Ever dreamt of running a restaurant or hotel with your significant other?
Ahead of Valentine's Day, Emma Blanchfield spoke to couples around the country about how they manage to work together in the food industry and what they like to eat when they’re off duty. The full story will be available in FOOD&WINE Magazine, which is free with the Business Post on Sunday, February 7, but here we have a sneak peek at this romantic feature for you to read here now.
Make sure to pick up the magazine to hear from couples including Sunil and Leena Ghai of Tiffin in Greystones, Anna and Vanessa from Las Tapas de Lola, and many more. Here, Emma chats with Peter Sztal and Frank Kavanagh, Cloud Picker Coffee, Dublin about their relationship and their business.
Peter Sztal and Frank Kavanagh of Cloud Picker Coffee
For Peter Sztal and Frank Kavanagh, the decision to go into business together was an easy one. “I was always really eager to set up a food business,” says Sztal. “I’d been talking about it before I even met Frank, so as time went on and we began planning our life together, it just made sense.”
But it took some trial and error before they finally found success with Cloud Picker, their coffee company. “We set up a soup and stew bar called Zupa in the old Epicurean Foodhall on Abbey Street in 2008,” Sztal says. “Let’s just say it wasn’t a huge success! It just wasn’t the right time or the right place for it.”
In 2010 the pair took over the café concession in the Science Gallery on Pearse Street, and ran it for nine years. In 2013 they decided to open a coffee roastery together, and thus Cloud Picker was born. Having been together in life for 15 years and in business for ten, they have faced more than a few challenges.
“The most difficult part of working together is actually sitting down and figuring out responsibilities, splitting the workload,” says Kavanagh. “Before we did that, it was the cause of a lot of frustration, misunderstandings and disappointment. We eventually sat down and balanced it out fairly, and we haven’t looked back since.”
But the most important lesson they have learned is to trust themselves. “Anything that ever went wrong for us only came from the fact we didn’t trust our gut and didn’t believe in ourselves,” Kavanagh says.
Our favourite dish
“We cook together every single night. Frank is an amazing prep chef and kitchen porter. I handle the bits in the middle,” says Sztal. “One dish that is extremely special to us is Polish dumplings, pierogi, which Frank learned to cook from my mother. It’s something we like to eat together, but also with family and friends in normal times.”
Mushroom and cabbage pierogi
Makes 50-60 dumplings
For the dumplings:
- 700g wheat flour - if you're in Polish deli choose Type 500, otherwise use all-purpose flour
- 4 tbsp vegetable or sunflower oil
- 2 cups of hot water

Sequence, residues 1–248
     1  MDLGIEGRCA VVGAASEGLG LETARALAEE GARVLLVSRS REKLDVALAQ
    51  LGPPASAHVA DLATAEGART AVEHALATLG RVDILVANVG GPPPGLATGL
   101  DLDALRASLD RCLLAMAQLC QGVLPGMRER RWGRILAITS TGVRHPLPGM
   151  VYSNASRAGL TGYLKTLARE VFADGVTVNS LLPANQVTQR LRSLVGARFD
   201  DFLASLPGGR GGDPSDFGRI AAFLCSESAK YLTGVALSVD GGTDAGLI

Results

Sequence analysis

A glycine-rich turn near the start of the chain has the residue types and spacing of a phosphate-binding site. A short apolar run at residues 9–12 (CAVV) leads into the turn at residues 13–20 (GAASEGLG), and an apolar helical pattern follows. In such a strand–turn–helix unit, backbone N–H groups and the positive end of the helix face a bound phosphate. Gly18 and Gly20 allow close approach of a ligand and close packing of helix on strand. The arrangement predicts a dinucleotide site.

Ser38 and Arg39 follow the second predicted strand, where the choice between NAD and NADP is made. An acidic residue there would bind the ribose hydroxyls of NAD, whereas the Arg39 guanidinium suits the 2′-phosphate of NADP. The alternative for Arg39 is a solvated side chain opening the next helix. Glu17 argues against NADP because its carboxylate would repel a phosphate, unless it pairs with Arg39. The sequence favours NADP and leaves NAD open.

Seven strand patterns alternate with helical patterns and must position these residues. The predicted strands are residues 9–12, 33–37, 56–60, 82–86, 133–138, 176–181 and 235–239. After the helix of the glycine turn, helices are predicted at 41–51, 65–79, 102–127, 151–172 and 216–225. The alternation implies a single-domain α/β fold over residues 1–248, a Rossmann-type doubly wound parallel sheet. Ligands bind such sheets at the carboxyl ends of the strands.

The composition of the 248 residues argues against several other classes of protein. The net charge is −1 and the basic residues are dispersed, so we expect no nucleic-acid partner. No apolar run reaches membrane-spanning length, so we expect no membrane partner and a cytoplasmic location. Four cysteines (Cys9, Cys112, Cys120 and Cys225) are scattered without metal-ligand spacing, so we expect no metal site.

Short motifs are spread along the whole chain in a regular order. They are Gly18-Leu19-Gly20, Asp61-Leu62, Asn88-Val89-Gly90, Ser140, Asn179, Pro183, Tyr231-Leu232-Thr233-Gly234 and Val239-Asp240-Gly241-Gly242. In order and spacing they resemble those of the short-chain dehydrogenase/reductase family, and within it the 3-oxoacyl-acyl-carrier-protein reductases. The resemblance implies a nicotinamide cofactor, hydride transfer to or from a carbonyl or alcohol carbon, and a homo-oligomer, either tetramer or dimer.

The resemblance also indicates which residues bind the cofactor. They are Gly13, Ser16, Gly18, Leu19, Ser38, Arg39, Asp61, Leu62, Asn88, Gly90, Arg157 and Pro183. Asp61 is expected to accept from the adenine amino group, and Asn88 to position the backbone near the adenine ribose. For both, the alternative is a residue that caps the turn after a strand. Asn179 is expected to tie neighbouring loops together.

- 1 tsp salt
For the filling:
- 500g sauerkraut
- 150g dried wild mushrooms
- 1 white onion
- Large pinch of salt
- Pinch of sugar
- Freshly grounded pepper
- For the filling, chuck the mushrooms into hot water and soak them for at least two hours or overnight.
- Drain the sauerkraut, transfer it to a large pot, then add the mushrooms with the water that they were soaking in. Let it bubble away on a low heat for at least an hour.
- Drain all the water and let the mix cool a bit. While it's cooling, dice the onion and fry it in a bit of oil until soft and translucent. When the cabbage and mushrooms cool down a good bit, squeeze the mix with your hands to get rid of all the liquid.
- Add the onion with all the frying oil. Mix everything together, then add the black pepper, salt and sugar. Blitz in a food processor or simply chop finely with a knife, then cover and set aside.
- For the dough, first get your workstation clean and dry. You'll need a good bit of space, 80-90cm, and a clean tea towel to cover the dough when it's made. Boil a large pot of water, season with salt and add a big glug of oil. The water should gently bubble rather than boil.
- Sieve the flour into a large mixing bowl, then add the oil and salt. Boil the water and put it into the flour bowl. Start with 400ml and you can always add a bit if needed. Let it cool for 10 minutes until you can handle it.
- Using your hands, start mixing the dough. Once it’s holding together, transfer it onto your clean surface. Keep on kneading it for a few minutes and regulate the consistency by either adding a bit of flour or water. It needs to be elastic and soft.
- Cut off a bit of the dough (roughly a quarter), dust the surface with a bit of flour and roll it with a rolling pin until thin. Keep the rest of the dough covered tightly with a tea towel to prevent it from drying out.
- Cut out circles with a cookie cutter (3-4 inches) or a mug. Hold the dough circle in your hand, then using a teaspoon put a generous amount of the stuffing right in the middle, fold it and seal it tightly.
- Place the dumplings gently into your pot of hot water, and as soon as each batch is in, stir them gently from the bottom. Once they all float on the surface leave them for another minute, then take them out using a slotted spoon and put them on a plate, making sure they're not on top of each other.
- Repeat until you're done with each batch of your dough. Serve the pierogi with brown butter, or fried onion and fresh parsley or dill. Alternatively, let them cool down, keep in the fridge and reheat them by frying in a pan with a bit of oil until golden and crispy on the outside.
For more from Cloud Picker Coffee, click here.
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